Differences in coping strategies for public and private face-to-face and cyber victimization among adolescents in six countries

Michelle Wright, Takuya Yanagida, Anna Sevcikova, Ikuko Aoyama, Lenka Dedkova, Hana Machackova, Zheng Li, Shanmukh V. Kamble, Fatih Bayraktara, Shruti Soudif, Li Lei, Chang Shu

Research output: Contribution to journalArticlepeer-review

2 Citations (Scopus)

Abstract

The aim of this study was to examine the role of publicity (private versus public) and medium (face-to-face versus cyber) in adolescents' coping strategies for hypothetical victimization, while also considering culture. Participants were adolescents from China, Cyprus, the Czech Republic, India, Japan, and the United States. The study also controlled for adolescents' gender, individualism, and collectivism. Adolescents completed questionnaires on the hypothetical coping strategies that they would use for four scenarios, including public faceto-face victimization, public cyber victimization, private face-to-face victimization, and private cyber victimization. Overall, the findings revealed that adolescents relied more on avoidance, social support, retaliation, helplessness, and ignoring for public and face-to-face forms of victimization than for private and cyber forms of victimization. Cross-cultural differences in coping strategies are discussed.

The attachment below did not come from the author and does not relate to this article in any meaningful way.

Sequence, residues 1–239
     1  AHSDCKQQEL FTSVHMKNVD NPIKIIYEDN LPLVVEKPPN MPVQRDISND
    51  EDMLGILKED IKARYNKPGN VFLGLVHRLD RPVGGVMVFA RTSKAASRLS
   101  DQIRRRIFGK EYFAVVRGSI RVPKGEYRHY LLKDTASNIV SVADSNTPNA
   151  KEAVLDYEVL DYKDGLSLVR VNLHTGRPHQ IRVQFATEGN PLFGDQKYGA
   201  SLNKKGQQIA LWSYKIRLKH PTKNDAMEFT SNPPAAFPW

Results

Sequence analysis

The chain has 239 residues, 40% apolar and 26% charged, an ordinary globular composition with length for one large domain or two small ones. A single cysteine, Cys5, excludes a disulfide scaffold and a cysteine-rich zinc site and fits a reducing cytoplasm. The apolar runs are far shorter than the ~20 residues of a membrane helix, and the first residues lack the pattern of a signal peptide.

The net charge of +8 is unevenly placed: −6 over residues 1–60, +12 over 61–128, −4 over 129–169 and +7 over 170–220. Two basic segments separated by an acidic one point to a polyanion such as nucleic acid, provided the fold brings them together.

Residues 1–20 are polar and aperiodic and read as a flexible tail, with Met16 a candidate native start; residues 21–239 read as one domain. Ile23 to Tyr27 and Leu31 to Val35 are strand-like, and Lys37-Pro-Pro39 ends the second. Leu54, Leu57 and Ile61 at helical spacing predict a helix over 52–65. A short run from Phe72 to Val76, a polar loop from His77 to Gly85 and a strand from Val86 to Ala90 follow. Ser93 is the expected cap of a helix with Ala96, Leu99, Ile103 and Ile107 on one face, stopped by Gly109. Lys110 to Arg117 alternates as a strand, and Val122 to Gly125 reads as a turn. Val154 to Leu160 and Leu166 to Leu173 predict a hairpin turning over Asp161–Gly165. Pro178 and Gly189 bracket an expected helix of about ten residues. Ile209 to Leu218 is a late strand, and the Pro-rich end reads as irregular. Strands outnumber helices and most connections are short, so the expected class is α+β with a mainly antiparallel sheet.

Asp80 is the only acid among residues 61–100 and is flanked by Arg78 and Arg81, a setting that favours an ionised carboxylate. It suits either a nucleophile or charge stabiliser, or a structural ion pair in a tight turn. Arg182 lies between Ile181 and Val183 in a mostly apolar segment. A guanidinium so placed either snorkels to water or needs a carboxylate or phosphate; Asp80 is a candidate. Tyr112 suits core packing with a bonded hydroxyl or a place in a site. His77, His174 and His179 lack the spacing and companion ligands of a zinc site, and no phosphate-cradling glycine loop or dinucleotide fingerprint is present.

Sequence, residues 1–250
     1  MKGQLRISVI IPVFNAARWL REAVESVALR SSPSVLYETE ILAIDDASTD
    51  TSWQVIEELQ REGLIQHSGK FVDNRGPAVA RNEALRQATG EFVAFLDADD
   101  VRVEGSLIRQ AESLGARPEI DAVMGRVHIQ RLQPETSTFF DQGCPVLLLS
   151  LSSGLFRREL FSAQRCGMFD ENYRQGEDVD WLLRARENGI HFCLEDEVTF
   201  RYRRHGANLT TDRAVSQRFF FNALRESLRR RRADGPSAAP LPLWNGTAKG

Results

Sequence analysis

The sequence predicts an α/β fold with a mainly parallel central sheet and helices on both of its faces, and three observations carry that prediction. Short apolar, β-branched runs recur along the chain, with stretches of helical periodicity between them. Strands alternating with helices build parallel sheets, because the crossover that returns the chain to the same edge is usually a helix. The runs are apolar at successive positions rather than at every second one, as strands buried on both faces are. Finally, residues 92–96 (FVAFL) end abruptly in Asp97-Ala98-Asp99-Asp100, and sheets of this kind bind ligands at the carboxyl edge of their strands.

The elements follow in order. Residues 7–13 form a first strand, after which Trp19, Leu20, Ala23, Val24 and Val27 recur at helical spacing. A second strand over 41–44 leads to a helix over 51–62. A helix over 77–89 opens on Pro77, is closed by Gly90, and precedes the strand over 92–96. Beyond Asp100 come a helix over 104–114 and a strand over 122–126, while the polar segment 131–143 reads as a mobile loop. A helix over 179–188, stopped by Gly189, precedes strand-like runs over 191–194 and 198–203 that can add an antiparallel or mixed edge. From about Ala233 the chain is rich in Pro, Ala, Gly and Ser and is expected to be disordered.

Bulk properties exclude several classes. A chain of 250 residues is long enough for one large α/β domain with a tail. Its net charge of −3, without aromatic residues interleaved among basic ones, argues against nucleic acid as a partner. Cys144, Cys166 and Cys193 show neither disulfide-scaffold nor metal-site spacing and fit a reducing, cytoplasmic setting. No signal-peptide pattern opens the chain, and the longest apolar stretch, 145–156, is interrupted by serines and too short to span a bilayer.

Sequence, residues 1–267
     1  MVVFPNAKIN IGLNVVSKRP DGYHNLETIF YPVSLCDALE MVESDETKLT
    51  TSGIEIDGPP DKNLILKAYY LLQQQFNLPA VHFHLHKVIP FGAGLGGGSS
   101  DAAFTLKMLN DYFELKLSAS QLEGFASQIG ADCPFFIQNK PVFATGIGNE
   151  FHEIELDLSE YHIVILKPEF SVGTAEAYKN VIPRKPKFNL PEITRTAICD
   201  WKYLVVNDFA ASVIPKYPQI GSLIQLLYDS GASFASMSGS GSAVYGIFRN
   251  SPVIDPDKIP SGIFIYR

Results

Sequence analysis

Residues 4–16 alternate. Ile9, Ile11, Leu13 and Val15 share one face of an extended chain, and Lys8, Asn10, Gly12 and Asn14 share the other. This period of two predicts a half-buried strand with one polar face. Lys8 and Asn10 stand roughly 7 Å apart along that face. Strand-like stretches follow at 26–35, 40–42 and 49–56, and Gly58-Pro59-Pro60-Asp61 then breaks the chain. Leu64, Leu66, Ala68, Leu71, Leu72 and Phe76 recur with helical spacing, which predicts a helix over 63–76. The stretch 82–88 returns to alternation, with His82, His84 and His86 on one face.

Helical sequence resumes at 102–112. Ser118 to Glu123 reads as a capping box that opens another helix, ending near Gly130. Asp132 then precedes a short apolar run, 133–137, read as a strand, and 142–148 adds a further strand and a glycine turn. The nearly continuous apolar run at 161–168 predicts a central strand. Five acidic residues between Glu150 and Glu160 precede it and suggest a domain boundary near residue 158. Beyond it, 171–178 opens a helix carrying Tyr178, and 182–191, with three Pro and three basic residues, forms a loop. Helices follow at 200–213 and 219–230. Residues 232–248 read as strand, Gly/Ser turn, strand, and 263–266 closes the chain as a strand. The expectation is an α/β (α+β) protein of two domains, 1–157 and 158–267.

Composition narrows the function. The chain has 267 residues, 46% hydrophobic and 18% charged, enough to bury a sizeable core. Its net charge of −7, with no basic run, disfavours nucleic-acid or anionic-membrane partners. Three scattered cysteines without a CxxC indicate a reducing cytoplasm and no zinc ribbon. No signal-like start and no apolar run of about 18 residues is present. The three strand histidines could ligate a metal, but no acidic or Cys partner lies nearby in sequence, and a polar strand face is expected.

Original languageEnglish
Pages (from-to)43-53
Number of pages11
JournalInternational Journal of Developmental Science
Volume10
Issue number1-2
DOIs
Publication statusPublished - Jul 2016

Keywords

  • adolescence
  • bullying
  • coping strategy
  • cross-cultural differences
  • Cyber victimization
  • victimization

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